There are so many ways. To give just one example, the rules that govern the single market that we operate within are made by the EU so it is vital that we are contributing positively to making sure that they achieve the best for the South West.

When people vote in the European Elections, they vote for a party, not for an individual. Do you agree with everything the Green Party stands for and if not, what will you do if you have to choose between personal beliefs and party policy?

I sometimes wonder if I might disagree, but when I read party policy I find that I agree. I used to be a bit tepid about the banking policy but I worked with a friend to change the policy so it’s fine now–no, it’s excellent!

I think we could do with emphasising the political economy implications of some of our policies a bit more. So for example on immigration we should, of course, be fighting the racist attacks on migrant workers but we should also be arguing for better global protection of workers’ rights in a globalised economy

How do you explain the recent rise in popularity in UKIP and the relative flat-lining of the Greens? Do you think this will be the same in the upcoming election? 

I don’t think you are right to say that the Greens are flat-lining. The Greens are seeing a strong but steady increase, especially in the South West. Our main problem is the media, who focus on the daft, shallow stories about UKIP and tend to ignore our more serious issues. It is incredibly hard to get journalists to deal seriously with either Europe or the environment. A shame on them and a pity for us all. I think Zoe Williams had it pretty much right with her analysis of why UKIP get such attention from the media.

What is the one thing you hope to achieve if elected to the European Parliament?

One thing? You aren’t very ambitious!

I will focus on the stuff where I think I can make the most difference: finance and the single market. It is hard to know how far I can go until I understand the politics better from the inside. I would like to take my understanding of finance into the parliament, because I am not sure how many of the Greens really understand what went wrong with the Eurozone crisis. I also think we should work for more local supply of food and against the endless increase in pointless and energy-intensive trade.

You have previously written on the importance of working shorter working hours and yet you are applying for a job with some of the longest, have you thought about how personally you are going to balance that?

I have thought about this. I think that it would be a sacrifice to be away from Stroud. I think that most politicians make a similar sacrifice and it is one reason that the attacks on politicians are pretty unfair. But there are times when the parliament is out of session when I will be delighted to jump onto Eurostar and come home.

If elected, will you continue as a Stroud District Councillor? 

Absolutely not, the time commitments would make it impossible.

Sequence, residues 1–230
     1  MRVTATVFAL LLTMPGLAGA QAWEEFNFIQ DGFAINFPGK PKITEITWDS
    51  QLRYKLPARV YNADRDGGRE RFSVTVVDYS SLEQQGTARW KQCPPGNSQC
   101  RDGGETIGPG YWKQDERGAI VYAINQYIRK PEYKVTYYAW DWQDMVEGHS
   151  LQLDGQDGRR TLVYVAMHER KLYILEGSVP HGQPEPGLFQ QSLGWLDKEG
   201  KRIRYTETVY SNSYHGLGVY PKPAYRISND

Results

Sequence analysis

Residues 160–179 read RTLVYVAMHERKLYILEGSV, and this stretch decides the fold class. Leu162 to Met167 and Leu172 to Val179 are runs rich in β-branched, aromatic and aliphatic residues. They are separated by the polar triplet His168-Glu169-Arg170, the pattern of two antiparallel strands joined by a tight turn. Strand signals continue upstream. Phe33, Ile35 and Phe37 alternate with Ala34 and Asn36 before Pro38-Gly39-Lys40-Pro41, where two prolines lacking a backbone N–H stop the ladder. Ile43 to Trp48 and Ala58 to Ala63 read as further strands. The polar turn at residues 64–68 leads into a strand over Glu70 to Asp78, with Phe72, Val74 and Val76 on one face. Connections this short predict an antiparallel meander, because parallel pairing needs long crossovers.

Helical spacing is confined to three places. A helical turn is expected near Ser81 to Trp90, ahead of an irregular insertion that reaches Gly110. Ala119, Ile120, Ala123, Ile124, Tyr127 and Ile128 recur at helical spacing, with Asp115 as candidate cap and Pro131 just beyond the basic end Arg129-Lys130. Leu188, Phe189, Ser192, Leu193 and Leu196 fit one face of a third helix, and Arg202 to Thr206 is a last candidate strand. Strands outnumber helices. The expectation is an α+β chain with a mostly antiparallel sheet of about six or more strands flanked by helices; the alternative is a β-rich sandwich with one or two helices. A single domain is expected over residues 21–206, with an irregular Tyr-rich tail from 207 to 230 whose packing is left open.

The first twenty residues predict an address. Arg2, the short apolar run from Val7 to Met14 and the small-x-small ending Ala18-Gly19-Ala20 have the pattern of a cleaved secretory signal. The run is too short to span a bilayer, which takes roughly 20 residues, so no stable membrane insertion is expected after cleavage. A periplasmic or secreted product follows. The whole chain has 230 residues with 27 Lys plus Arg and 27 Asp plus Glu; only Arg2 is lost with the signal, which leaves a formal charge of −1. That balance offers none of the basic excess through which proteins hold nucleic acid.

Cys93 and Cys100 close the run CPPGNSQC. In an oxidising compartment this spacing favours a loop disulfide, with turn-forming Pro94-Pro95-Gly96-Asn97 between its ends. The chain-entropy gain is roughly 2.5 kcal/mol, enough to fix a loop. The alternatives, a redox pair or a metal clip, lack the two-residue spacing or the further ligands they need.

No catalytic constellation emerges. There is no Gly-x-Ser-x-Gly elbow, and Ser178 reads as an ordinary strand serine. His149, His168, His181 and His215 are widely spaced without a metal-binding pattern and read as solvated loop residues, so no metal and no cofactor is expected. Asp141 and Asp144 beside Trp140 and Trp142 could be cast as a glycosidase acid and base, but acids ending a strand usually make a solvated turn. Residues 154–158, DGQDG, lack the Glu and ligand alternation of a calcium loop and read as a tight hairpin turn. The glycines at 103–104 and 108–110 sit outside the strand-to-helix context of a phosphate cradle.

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Filed under Economics, EU politics, Gloucestershire, Interview

A new dawn at the Emirates?

This article was originally published on the Tattooed Football

There is a new dawn at Arsenal. In the words of Gazidis this is a new era of “financial firepower”. Arsenal are fighting it out with the big boys, not just in the transfer market but, for the 17th consecutive season, the Champions League.  Could this be the season that Arsenal live up to their potential?

Of course bloody not!

Arsene+Wenger+at+AGMSelf-delusion is something central to a diehard 21st century Gooner. No more so than for Gooner-in-chief, Le Professor, Monsieur Wenger.

Despite the talk, the promises, the expectations, what do Arsenal have to show from the transfer window…a free transfer from Auxerre in the form of ‘next big thing’ Yaya Sanogo. He is a classic Wenger signing, off everyone’s radar apart from Wenger’s. Why? Because he shows promise, he shows talent, he might just be, to coin a phrase, ‘the next big thing’ (where have we heard that before)?

For all the talk of signing a racist Uruguayan (can’t see that one going wrong) Wenger is still dangerously close to not making the signing that everyone (literally everyone) says he needs.

Despite the demands from the terraces, the back pages and the pundits, Wenger is dangerously close to coming out of the transfer market essentially empty handed. Depressingly, you can picture him now at the first press conference of the season, brow furled, “my squad is strong enough, and they have a good mental attitude. I am sure we can win”.

Of course, the media focus on the (yet to materialise) centre forward misses the point. Arsenal are missing a solid centre back. I cannot believe that Steve Bould cannot see that. Oh and of course Arsenal could also do with a new goal keeper, left back and someone confident playing left wing.  But these are just side issues I am sure….

And so, they stumble ahead (the talk of unbeaten pre-season out of the window at the Emirates Cup), with Wenger defiant, proud and to the outsider, confident. The fans are still behind Wenger but they’re also still asking the same questions that hung over the squad at the end of last season– is there the strength, depth, spark, talent? Does anyone expect anything other than a scrap for 4th place?